In his 367-page book, the media effects researcher Manfred Spitzer naturally also deals with the effects and side effects of digital social networks and can only report on unpleasant things, but what parents and educators should absolutely know and think about.The conclusion drawn by Manfred Spitzer at the end of the chapter "Social networks: Facebook instead of face to face" should be quoted in detail for its clarity: "The Internet is full of failing social contacts, ranging from pretending to be someone else to cheating, cheating and even gross crime. They lie, bullied, ripped off, create an aggressive mood, hustle and bustle and defame the fact that the bars bend!
Who is surprised that social networks lead to loneliness and depression among young users in particular? Lack of self-regulation, loneliness and depression are the most important stressors in our modern society. They cause the death of nerve cells and thus promote the long-term development of dementia. In our children, the replacement of genuine interpersonal contacts by digital online networks can in the long term be associated with a reduction in the size of their social brains. In the long term, there is a danger that Facebook & Co. will lead to the shrinking of our entire social brain. From this perspective, it's extremely worrying that about one billion people are now using Facebook." (S. 128)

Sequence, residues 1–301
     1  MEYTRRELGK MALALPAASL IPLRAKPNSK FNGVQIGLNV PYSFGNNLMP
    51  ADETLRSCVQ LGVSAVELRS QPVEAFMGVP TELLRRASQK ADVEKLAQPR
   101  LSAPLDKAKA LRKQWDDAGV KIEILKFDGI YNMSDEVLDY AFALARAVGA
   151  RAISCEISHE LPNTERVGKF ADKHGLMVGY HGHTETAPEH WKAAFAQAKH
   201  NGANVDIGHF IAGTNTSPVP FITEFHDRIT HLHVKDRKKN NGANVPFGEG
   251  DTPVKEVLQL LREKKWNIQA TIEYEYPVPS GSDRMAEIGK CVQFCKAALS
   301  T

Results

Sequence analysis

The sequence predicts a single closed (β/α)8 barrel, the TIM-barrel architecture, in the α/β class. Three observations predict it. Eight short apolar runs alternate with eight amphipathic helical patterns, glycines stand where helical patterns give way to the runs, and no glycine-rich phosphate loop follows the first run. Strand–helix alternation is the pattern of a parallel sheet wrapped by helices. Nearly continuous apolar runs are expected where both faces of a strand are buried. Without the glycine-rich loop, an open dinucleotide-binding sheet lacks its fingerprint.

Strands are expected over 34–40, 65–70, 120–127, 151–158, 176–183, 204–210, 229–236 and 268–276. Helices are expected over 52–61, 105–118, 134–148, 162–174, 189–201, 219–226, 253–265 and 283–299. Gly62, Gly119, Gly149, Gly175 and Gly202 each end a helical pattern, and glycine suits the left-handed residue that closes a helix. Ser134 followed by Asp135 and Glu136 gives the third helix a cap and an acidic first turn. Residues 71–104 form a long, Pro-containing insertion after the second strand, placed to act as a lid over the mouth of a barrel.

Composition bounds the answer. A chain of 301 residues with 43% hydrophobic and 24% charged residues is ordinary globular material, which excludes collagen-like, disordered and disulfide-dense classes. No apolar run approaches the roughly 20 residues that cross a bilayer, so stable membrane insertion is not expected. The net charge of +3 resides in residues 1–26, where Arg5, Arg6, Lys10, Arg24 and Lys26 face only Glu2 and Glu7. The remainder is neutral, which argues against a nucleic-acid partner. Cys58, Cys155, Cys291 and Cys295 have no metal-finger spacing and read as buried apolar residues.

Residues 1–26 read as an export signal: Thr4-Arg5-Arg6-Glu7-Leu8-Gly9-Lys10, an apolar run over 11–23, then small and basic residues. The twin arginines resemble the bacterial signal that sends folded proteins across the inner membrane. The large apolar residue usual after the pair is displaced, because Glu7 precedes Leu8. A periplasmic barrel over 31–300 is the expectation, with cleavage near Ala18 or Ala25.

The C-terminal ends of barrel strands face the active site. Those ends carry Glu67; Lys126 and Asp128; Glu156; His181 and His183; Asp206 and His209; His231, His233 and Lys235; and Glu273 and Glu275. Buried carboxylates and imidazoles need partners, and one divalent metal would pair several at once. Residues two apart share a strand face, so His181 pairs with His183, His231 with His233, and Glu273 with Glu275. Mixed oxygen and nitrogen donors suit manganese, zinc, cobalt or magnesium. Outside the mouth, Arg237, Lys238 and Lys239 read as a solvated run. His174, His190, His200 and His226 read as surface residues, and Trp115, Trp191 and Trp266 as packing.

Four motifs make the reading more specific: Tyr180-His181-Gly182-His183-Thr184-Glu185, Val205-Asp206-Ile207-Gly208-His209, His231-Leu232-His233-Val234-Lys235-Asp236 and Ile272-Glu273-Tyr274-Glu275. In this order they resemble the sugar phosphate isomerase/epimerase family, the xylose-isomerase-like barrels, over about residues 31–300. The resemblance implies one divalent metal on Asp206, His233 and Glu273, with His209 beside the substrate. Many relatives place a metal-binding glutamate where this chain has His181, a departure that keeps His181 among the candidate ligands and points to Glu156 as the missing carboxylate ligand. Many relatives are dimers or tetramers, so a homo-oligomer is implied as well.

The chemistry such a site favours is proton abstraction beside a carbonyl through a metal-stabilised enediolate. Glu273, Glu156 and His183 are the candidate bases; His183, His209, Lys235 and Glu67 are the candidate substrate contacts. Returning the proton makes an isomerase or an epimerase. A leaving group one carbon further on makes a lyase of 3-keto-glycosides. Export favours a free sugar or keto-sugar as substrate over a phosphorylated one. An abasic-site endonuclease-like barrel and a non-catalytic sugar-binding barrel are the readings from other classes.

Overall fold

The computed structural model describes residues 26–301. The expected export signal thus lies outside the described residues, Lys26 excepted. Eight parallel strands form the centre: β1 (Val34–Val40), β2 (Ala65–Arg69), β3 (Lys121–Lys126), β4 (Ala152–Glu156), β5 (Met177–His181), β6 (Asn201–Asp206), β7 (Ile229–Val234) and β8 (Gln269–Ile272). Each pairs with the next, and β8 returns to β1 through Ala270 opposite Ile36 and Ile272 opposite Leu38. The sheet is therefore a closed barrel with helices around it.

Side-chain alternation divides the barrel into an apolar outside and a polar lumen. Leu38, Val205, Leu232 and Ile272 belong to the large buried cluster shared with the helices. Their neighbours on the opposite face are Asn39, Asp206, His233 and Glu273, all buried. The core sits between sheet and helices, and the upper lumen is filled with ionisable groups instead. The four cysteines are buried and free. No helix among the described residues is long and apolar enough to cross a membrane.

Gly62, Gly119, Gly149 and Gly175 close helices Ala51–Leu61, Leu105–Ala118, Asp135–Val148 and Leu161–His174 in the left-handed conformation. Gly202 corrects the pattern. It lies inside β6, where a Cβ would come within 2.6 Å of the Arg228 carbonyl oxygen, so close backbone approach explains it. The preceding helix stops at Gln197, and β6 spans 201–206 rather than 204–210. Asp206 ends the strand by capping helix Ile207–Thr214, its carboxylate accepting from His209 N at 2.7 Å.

Limit media consumption at home to a necessary minimum
In the last chapter of his book "What to do? Manfred Spitzer stresses once again - as in previous chapters - that digital media are part of our culture, increase our productivity, make our lives easier and are a great entertainment factor. That's why it can't be about fighting them or even abolishing them. (p. 296) But because of the serious effects especially on the adolescent generation, he advises all parents to keep media consumption to a necessary minimum. He literally writes: "Avoid digital media. As has often been shown here, they actually make people fat, stupid, aggressive, lonely, sick and unhappy. Limit the dose for children, because this is the only thing that has been shown to have a positive effect. Every day a child has spent without digital media is time gained." (p. 325) And he adds: "For our entire society, we have nothing but the heads of the next generation when it comes to our prosperity and the preservation of our culture. Let us stop systematically littering them". (S. 326)